# I Modern definition of mass

#### msumm21

If a photon does the 4 things listed below, why do we say it doesn’t have mass? I guess I’m asking if there’s a clear definition of mass.
1. follows geodesics in spacetime (classically: accelerated in a grav field),
2. curves spacetime (classically: creates a gravitational field),
3. has momentum / exerts pressure on things it impacts, and
4. has inertial mass (put it in a mirrored box, now the box’s acceleration decreases per unit applied force).

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#### Ibix

If a photon does the 4 things listed below, why do we say it doesn’t have mass? I guess I’m asking if there’s a clear definition of mass.
Mass in relativity is the modulus of the energy-momentum four vector, which is zero for light (and, indeed, anything else moving on null paths).
follows geodesics in spacetime (classically: accelerated in a grav field),
The status of light in Newtonian physics is rather problematic. However, note that the acceleration due to Newtonian gravity is independent of the mass of the accelerated body. So, even in Newtonian physics, one should not take for granted that massless objects are not affected by gravity.
curves spacetime (classically: creates a gravitational field),
The source of gravitational fields is the stress-energy tensor, which includes mass, but also other things. The gravitational field of light comes from its energy and momentum; it does not need mass.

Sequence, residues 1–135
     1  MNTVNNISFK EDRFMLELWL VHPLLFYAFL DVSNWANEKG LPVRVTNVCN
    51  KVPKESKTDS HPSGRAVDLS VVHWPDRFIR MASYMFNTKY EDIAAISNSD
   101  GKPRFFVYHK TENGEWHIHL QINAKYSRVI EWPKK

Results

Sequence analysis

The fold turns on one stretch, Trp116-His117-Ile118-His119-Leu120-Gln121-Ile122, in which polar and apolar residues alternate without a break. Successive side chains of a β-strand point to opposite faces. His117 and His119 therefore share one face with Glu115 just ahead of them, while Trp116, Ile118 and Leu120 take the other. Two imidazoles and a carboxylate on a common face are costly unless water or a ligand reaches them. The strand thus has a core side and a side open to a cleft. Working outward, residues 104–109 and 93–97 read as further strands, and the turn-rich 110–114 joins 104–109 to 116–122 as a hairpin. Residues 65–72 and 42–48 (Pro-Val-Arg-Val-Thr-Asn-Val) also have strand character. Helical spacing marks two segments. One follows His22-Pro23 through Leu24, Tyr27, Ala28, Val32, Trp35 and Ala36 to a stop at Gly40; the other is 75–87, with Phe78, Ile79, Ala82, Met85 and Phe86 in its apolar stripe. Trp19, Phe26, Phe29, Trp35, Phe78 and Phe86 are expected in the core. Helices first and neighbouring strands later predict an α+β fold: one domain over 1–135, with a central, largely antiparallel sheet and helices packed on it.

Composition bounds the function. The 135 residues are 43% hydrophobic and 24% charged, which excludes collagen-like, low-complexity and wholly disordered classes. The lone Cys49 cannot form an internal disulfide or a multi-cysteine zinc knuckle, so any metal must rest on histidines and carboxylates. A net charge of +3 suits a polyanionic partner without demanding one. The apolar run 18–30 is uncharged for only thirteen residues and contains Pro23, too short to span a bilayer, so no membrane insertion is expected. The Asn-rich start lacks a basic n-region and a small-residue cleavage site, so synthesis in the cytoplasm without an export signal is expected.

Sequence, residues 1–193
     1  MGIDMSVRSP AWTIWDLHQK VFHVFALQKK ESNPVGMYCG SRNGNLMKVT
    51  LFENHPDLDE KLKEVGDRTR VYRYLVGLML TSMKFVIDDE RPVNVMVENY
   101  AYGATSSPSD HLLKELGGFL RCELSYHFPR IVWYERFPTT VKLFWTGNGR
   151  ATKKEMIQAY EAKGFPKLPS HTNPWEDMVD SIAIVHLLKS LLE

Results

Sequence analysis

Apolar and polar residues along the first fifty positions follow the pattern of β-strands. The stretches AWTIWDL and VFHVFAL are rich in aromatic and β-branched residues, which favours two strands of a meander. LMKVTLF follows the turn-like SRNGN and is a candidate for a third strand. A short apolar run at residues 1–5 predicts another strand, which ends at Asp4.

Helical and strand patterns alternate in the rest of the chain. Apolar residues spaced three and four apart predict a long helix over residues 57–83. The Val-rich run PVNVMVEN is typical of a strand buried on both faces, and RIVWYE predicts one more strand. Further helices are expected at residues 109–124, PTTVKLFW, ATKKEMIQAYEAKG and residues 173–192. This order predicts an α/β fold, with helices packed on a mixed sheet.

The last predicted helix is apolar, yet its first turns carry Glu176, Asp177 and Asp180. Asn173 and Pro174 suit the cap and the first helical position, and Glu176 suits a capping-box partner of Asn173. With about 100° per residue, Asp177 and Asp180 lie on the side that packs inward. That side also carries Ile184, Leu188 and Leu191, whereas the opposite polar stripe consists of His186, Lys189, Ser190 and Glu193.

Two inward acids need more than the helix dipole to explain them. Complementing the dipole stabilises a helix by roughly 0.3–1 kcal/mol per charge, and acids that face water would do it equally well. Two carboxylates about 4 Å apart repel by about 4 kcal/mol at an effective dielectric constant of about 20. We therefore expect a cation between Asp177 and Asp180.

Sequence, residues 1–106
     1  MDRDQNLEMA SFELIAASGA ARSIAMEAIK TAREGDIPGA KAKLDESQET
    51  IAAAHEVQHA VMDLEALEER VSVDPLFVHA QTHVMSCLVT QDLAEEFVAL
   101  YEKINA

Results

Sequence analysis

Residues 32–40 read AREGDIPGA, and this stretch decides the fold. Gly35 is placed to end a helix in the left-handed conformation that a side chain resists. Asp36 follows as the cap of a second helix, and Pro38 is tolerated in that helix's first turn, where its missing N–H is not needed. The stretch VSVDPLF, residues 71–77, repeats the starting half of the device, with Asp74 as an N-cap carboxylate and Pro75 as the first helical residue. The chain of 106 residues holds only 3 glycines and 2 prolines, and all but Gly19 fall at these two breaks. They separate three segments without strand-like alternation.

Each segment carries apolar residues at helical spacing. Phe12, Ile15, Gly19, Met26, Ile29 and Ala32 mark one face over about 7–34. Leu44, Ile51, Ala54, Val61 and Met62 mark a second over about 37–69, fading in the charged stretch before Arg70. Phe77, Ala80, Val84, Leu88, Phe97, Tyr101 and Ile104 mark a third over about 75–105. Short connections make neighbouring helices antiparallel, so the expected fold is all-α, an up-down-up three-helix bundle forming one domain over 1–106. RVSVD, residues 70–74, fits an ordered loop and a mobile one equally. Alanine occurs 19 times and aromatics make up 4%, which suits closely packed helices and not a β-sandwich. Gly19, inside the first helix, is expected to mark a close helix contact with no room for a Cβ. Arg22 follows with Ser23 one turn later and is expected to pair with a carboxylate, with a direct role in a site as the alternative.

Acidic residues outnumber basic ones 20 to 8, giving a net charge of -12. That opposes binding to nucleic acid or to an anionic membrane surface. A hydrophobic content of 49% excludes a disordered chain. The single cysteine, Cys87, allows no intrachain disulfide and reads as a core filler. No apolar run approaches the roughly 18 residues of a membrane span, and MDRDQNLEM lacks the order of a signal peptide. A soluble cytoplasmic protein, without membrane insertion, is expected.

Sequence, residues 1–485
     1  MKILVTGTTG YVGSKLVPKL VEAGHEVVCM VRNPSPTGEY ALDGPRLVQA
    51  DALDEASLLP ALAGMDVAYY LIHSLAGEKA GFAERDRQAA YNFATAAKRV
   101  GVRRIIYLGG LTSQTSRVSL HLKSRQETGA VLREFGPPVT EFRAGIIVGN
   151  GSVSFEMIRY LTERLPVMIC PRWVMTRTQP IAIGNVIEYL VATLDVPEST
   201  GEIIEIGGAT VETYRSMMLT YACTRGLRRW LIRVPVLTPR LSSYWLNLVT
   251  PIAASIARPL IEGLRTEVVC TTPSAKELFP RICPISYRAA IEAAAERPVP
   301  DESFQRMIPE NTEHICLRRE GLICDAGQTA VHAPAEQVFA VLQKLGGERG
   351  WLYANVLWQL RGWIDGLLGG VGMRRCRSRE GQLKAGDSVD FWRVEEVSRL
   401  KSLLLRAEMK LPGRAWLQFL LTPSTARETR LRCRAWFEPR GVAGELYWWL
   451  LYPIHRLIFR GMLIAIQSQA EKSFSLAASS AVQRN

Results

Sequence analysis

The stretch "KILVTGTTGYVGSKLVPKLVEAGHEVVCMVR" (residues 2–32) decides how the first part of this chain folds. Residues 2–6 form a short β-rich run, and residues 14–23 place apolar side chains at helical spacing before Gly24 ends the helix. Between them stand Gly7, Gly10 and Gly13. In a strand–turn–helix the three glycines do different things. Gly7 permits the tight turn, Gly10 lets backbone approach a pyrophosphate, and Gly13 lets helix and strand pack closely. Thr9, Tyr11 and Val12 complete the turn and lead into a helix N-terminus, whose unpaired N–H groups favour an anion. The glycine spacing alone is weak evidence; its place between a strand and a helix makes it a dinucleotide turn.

has momentum / exerts pressure on things it impacts, and
Momentum is not solely a property of things that have mass. Formulae for momentum that depend on mass are only valid for things that have mass.
has inertial mass (put it in a mirrored box, now the box’s acceleration decreases per unit applied force)
Mass is not an additive property (the energy-momentum four vectors add but, unless they are parallel, the modulus of the resultant is not the sum of the moduli of the components), so the fact that a system including light does not have the same mass as the same system with the light removed does not mean that light has mass.

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#### msumm21

Mass in relativity is the modulus of the energy-momentum four vector, which is zero for light (and, indeed, anything else moving on null paths).